As Ermidas is one of the most unknown villages in Galicia, specifically in the province of Orense. One of the most beautiful Galician sceneries: a village located on the side of a mountain, where anchorites lived in the ancient High Middle Ages. Without a doubt, As Ermidas is a very curious village. A landscape also framed by the proximity of the river Bibey. Located in the council of O bolo, in the region of Valdeorras, in this small town of 50 inhabitants, the spectacular shrine of Nuestra Señora de las Ermitas stands out.
Dating back to the 17th century, this shrine or monastery of As Ermidas rises up impressively at one end of the village; as if it were part of the same hill. Its façade is known to be one of the best examples of Galician Baroque. The whole complex is catalogued as a Cultural Interest Asset, lasting over time with hardly any modifications.
The origin of the shrine of Nuestra Señora de las Ermitas is related to a very peculiar legend. In order to know it, we have to go back to the 12th century; when the legend talks about a mountain near the concello of O Bolo, where the animals used to graze. Over time, the shepherds saw how the cattle passed in front of a cave and how some animals that were sick were healed. The day came when one of the shepherds dared to enter the cave and what was his surprise when he discovered an image of the Virgin with the baby Jesus in her arms. As a result of the discovery, the shepherds understood that the cattle were healed by the intervention of the Virgin. Therefore, they concluded to build a small hermitage in which to keep the image. This is how it was baptised as Virgen de Las Ermitas.
However, it was not until 500 years later that the temple became the great shrine it is today. For this part of its story there is also a legend that Alonso Mejía de Tovar, Bishop of Astorga, was in the area when he became sick. It is said that while he was ill he dreamt of the image of the Virgin and Child hiding in the hermitage, miraculously recovering his health. This was the reason why it is said that he decided to build the shrine, starting in 1624 and finishing the work in 1726, when Juan Martínez Pita finished the building of the façade.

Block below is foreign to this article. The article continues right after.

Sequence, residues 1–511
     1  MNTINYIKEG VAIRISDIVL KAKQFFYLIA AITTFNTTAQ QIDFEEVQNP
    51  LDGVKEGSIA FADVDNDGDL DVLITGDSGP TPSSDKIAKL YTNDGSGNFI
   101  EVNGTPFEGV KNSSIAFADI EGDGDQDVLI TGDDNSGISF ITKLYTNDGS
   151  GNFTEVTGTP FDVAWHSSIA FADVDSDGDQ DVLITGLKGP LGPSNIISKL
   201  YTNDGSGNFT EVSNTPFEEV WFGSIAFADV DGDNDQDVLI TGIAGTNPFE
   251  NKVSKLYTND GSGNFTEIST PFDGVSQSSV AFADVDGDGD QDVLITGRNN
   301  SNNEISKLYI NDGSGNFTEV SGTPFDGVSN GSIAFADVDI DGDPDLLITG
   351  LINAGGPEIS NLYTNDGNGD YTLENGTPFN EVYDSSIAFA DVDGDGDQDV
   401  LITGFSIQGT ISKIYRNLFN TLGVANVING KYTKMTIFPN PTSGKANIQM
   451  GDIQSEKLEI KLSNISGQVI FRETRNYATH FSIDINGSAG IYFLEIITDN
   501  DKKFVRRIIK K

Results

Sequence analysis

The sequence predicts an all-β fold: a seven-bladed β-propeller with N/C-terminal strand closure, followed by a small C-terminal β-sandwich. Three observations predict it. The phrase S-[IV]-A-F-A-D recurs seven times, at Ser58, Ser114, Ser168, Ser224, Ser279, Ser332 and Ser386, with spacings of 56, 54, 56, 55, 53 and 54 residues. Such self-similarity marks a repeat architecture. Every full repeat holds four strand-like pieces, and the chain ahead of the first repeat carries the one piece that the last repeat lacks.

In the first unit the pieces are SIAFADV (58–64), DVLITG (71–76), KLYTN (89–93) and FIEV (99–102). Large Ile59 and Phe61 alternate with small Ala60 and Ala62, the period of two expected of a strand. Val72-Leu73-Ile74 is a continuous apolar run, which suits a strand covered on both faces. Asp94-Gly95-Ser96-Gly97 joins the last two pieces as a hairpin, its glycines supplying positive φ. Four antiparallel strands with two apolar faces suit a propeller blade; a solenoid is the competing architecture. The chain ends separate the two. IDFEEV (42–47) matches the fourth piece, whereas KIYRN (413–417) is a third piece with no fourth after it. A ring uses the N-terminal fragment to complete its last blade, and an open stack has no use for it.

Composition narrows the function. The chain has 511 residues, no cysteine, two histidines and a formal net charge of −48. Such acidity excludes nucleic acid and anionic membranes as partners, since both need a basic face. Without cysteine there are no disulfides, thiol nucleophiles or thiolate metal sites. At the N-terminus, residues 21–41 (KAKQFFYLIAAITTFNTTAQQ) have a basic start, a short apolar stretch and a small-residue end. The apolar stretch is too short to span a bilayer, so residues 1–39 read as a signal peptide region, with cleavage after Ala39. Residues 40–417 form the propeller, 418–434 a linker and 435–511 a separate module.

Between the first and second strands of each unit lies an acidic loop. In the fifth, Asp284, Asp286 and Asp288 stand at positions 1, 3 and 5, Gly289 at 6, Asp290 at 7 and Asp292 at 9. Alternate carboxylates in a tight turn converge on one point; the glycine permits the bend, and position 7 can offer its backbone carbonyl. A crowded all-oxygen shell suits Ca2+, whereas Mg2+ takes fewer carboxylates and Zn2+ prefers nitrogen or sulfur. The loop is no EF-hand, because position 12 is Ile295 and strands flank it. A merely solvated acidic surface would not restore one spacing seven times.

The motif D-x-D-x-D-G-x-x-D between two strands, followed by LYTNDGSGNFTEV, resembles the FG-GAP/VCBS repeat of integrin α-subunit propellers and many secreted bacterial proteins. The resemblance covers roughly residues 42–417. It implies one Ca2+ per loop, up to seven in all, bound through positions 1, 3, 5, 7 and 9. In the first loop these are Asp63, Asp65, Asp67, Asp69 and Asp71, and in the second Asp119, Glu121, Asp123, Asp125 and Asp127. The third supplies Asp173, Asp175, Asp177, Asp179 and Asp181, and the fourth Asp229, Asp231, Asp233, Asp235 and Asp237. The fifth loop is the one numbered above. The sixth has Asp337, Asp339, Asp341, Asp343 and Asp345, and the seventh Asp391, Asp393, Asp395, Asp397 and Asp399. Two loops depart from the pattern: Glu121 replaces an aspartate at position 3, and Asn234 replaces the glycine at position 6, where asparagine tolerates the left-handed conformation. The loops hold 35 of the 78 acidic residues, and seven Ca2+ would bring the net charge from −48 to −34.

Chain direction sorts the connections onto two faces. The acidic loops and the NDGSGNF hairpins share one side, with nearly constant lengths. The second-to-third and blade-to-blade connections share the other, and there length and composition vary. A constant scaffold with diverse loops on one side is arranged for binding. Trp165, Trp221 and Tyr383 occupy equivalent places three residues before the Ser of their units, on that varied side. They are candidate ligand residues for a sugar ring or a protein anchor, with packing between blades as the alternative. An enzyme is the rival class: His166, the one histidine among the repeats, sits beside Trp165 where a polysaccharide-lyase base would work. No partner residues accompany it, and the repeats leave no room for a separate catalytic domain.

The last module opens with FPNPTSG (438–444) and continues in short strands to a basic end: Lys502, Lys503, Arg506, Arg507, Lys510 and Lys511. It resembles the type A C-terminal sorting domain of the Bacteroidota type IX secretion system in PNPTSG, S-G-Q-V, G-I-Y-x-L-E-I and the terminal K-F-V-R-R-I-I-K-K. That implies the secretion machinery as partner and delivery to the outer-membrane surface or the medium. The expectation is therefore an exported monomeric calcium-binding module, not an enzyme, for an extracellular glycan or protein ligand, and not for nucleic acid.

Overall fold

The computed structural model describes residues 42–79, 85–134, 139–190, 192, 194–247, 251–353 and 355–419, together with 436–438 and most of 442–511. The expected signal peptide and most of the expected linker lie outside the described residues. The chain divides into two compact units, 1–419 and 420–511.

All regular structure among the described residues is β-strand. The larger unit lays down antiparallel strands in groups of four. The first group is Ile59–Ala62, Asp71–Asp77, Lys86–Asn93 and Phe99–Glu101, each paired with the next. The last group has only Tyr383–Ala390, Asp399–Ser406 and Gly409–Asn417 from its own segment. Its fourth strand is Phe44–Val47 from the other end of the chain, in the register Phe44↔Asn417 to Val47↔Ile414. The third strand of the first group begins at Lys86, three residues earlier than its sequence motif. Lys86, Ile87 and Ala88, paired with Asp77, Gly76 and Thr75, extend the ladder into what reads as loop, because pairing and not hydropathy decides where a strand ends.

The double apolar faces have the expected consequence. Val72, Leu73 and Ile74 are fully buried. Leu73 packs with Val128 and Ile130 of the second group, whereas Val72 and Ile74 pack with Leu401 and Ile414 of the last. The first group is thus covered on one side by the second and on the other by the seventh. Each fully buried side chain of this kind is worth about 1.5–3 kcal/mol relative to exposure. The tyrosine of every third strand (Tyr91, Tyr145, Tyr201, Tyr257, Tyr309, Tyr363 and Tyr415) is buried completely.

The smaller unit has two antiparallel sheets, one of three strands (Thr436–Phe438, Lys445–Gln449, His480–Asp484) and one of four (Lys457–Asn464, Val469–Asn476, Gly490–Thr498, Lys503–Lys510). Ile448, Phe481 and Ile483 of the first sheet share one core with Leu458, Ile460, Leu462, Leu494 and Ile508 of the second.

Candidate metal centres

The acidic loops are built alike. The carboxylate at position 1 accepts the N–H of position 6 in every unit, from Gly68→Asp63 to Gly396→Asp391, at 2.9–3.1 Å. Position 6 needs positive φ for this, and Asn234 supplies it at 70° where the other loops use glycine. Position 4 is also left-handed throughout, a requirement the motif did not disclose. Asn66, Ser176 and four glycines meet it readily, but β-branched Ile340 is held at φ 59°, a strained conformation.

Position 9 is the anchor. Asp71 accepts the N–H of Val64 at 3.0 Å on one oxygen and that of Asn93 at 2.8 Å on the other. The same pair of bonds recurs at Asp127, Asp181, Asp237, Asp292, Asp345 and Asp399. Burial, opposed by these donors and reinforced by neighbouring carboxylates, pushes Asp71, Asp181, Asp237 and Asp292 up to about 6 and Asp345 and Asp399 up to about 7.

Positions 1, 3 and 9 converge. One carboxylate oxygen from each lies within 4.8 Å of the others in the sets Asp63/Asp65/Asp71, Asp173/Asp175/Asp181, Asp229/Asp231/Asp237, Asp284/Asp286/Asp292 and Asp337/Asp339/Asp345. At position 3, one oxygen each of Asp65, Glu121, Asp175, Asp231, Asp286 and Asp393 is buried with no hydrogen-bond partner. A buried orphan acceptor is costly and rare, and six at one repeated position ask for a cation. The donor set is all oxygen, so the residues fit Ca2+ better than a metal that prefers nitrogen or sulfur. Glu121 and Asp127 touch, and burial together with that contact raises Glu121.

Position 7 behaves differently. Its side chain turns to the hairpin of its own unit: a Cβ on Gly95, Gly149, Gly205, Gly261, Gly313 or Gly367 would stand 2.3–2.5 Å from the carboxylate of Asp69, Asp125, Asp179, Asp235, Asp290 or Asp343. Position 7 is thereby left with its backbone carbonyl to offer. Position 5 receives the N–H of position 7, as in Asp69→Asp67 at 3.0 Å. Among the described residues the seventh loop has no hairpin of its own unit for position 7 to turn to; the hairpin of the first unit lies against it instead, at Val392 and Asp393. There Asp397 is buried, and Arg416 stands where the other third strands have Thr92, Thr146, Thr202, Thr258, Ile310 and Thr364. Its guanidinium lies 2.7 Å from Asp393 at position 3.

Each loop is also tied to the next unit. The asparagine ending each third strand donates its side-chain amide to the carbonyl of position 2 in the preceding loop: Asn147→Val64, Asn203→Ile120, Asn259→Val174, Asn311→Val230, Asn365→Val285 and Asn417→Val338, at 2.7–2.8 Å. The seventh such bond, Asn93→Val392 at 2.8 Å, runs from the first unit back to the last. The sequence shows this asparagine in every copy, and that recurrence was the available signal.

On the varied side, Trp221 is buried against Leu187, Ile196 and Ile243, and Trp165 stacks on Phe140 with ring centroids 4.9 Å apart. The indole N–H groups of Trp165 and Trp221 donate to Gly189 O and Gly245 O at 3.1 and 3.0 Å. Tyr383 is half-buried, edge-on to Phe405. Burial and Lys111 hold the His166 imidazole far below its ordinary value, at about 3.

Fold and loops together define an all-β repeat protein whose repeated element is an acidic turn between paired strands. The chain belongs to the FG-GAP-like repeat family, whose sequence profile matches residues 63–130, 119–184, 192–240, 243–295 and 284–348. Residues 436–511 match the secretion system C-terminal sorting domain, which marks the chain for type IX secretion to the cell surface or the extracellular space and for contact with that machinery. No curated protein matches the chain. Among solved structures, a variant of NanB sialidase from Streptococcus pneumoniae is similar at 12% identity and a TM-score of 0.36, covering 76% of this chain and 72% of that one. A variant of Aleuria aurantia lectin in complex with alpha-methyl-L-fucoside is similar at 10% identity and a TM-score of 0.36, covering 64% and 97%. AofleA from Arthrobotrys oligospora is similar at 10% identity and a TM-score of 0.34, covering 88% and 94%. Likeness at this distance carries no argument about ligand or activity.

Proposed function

The façade of the Shrine of Nuestra Señora de las Ermitas is considered to be one of the best works of Baroque in Galicia. It dates from between 1713 and 1726 and is the work of the master of architecture Juan Martínez de Pita. The front of the temple is richly decorated. There you can see different images; standing out also its Solomonic columns decorated with vines as well as other vegetable motifs.
The façade of the shrine is flanked by two towers that are divided into five sections; each of which is different. As for the interior, there are interesting altarpieces; such as that of the main altar, which is very rich, exhibiting sculptures representing the passion of Christ. As explained above, the building was built in 1624 at the request of the Bishop of Astorga; near the place where tradition tells that the figure of the Virgin was found. Although originally the temple had only one nave, over time the main chapel and the two towers were added; as well as two other naves on the north and south sides. The enclosure of the shrine of As Ermidas has a decorative pebble floor and a Baroque transept in the centre.
In the building, the coats of arms of the bishops of Astorga and the figures of the Virtues found here should be highlighted. In the atrium there is a beautiful cruceiro by the Portuguese Manoel Miranda. However, if the shrine of Nuestra Señora de las Ermitas is also known for its splendid Via Crucis formed by 14 chapels and 62 carved figures; dating from the 18th century.
Next to the temple is the Administration House, formerly used as a pilgrim’s albergue. In the same way, the shrine’s location in the middle of the mountain is a good reason to visit the Virgin of As Ermidas. All this makes the views over the valley superb; as if the shrine and the houses were part of the same nature.
One of the moments in which this pilgrimage place acquires more relevance is during the Holy Week, with the Via Crucis and the procession on Good Friday, or the 8th of September, the major day. However, throughout the year many people go to the Virgin; to ask for help or to give thanks for a healing.